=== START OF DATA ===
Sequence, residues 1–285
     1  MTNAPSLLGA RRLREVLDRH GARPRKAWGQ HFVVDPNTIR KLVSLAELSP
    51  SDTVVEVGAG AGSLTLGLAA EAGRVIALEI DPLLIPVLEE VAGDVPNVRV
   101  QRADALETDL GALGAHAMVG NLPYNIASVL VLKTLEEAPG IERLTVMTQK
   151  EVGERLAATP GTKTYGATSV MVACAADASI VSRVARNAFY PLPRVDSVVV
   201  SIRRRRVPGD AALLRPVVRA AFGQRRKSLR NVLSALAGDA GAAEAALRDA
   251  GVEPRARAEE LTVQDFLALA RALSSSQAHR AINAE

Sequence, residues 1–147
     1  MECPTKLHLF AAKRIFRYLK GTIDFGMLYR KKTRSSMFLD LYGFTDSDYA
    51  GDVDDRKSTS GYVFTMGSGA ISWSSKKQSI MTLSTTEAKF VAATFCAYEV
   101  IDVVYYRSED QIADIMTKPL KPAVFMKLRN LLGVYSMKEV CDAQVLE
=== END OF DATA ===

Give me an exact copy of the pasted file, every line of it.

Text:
Sequence, residues 1–285
     1  MTNAPSLLGA RRLREVLDRH GARPRKAWGQ HFVVDPNTIR KLVSLAELSP
    51  SDTVVEVGAG AGSLTLGLAA EAGRVIALEI DPLLIPVLEE VAGDVPNVRV
   101  QRADALETDL GALGAHAMVG NLPYNIASVL VLKTLEEAPG IERLTVMTQK
   151  EVGERLAATP GTKTYGATSV MVACAADASI VSRVARNAFY PLPRVDSVVV
   201  SIRRRRVPGD AALLRPVVRA AFGQRRKSLR NVLSALAGDA GAAEAALRDA
   251  GVEPRARAEE LTVQDFLALA RALSSSQAHR AINAE

Sequence, residues 1–147
     1  MECPTKLHLF AAKRIFRYLK GTIDFGMLYR KKTRSSMFLD LYGFTDSDYA
    51  GDVDDRKSTS GYVFTMGSGA ISWSSKKQSI MTLSTTEAKF VAATFCAYEV
   101  IDVVYYRSED QIADIMTKPL KPAVFMKLRN LLGVYSMKEV CDAQVLE